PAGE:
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Ulcers: causes, detection and treatment...
ULCERS IN THE FOALS
Recent studies have found that over 60% of recent weanlings have ulcers. Ulcers are located in the stomach and consist of erosions of the lining. In severe cases they will be deep enough to bleed. Apparently this condition develops when the ration changes from motherís milk to grain. Add to this the stress of weaning. It is a little easier to understand the effect grain has on the stomach when we see how the horse eats.
When the horse eats grass and hay, they spend some time chewing. The chewing process stimulates release of saliva, which is very high in bicarbonates. When the hay is swallowed it is saturated with these bicarbonates. In the stomach the bicarbonates neutralize the acid. The acid has accumulated in the stomach to predigest foods before they are passed into the intestine.
Without the bicarbonates to neutralize it, the stomach acid will irritate the lining of the stomach. When grain is consumed, it is only briefly chewed. Without the presence of roughage, the grain only needs to be moved to the back of the mouth for swallowing. It has little opportunity to absorb the bicarbs. Its presence alone will stimulate even more release of stomach acids to help with digestion. You can see where this is going.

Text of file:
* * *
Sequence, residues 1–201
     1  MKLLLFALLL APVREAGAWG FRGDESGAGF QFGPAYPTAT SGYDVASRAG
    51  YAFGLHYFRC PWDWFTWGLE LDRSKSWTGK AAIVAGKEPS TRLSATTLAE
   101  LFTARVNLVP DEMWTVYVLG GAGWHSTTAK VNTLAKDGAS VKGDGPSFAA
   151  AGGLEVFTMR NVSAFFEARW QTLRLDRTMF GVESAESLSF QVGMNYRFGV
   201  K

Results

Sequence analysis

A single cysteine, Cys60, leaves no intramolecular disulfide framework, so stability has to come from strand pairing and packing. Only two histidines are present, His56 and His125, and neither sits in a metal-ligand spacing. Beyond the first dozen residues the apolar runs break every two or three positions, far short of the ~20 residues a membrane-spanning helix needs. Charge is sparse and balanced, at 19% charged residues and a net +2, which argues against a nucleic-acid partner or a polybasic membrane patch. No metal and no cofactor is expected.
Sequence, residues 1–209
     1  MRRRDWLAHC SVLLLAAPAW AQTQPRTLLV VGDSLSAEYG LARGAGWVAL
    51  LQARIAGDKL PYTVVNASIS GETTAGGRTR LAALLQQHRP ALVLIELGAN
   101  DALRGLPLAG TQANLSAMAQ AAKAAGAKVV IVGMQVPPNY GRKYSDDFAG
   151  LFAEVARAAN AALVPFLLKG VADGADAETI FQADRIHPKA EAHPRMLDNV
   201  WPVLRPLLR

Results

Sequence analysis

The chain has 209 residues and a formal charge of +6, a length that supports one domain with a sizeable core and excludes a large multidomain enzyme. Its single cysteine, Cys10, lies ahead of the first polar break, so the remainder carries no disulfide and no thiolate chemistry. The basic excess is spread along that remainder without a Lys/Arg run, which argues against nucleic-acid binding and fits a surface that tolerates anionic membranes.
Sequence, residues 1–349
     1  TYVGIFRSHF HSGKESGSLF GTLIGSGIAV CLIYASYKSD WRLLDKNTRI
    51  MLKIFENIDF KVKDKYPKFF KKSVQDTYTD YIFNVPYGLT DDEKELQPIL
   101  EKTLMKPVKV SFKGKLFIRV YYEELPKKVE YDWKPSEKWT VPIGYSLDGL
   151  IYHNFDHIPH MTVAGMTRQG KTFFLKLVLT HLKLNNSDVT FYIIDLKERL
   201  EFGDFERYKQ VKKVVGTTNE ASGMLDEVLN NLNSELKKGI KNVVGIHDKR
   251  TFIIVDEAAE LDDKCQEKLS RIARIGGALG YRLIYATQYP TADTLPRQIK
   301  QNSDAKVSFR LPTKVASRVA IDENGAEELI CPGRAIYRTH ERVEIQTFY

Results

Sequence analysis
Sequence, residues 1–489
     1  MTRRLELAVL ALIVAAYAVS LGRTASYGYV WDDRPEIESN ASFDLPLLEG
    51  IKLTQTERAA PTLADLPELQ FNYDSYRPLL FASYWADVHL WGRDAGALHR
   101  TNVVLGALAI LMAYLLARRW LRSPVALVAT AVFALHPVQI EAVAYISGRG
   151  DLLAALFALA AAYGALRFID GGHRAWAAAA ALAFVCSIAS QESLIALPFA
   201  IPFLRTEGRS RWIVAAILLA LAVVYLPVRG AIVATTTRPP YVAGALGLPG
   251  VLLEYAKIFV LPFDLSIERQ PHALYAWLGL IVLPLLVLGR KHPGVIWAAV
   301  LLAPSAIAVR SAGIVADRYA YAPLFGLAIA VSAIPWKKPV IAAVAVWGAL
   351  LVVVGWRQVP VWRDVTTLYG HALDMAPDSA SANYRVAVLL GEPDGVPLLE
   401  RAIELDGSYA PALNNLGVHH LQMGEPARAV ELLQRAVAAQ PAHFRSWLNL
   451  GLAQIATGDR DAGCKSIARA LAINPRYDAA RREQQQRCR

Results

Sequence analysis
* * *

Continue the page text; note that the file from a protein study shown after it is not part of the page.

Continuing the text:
Once the ulcer has started, the patient will give us several signs. The more common ones are:
Weight loss and the reluctance to eat grain, but consumption of hay or grass continues.
The stool may become loose for no apparent reason.
The foal with an ulcer will readily consume hay and grass because the saliva secreted during chewing provides the bicarbs to make the stomach feel better. The existence of ulcers is one the foal tries to describe to us without using words [by eating more hay while losing weight]. This condition can develop slowly and take a very long time to heal, during which the foal loses a considerable amount of weight.
Treatment is long term and consists of medications used in human medicine. There is a paste available specifically for horses that will significantly increase the value of the patient. If we think the ulcer is early, we will supplement the feed with bicarbonates in the form of baking soda. Baking soda is readily consumed in the feed and may help prevent formation of more serious ulcers.
We watch the foals playing with each other and pestering mother and we think they have not a care in the world. Actually, they may be taking life more seriously than we think.
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